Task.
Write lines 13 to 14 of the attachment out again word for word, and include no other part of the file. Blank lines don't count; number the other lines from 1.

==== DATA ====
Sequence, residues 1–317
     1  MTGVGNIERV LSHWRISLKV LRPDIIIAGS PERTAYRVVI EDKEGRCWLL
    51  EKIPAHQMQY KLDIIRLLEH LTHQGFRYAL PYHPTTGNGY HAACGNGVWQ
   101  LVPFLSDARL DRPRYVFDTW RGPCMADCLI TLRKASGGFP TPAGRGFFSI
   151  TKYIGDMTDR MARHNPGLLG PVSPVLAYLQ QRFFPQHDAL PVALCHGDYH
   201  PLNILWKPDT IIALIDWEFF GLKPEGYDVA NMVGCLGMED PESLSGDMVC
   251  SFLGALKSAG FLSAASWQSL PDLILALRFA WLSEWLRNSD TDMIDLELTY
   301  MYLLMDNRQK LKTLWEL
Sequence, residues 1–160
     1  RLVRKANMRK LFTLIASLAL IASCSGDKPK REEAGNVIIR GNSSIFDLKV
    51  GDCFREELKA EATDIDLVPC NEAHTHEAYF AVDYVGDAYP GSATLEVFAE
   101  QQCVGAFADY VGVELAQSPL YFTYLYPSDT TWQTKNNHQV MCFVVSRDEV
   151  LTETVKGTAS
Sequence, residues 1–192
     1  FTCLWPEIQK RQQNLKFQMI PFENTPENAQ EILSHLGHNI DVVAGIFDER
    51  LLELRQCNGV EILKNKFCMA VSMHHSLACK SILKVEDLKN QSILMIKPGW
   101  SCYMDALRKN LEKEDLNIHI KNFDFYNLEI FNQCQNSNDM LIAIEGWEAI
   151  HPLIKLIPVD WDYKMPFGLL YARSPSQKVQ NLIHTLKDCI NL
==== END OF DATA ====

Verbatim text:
   151  LTETVKGTAS
Sequence, residues 1–192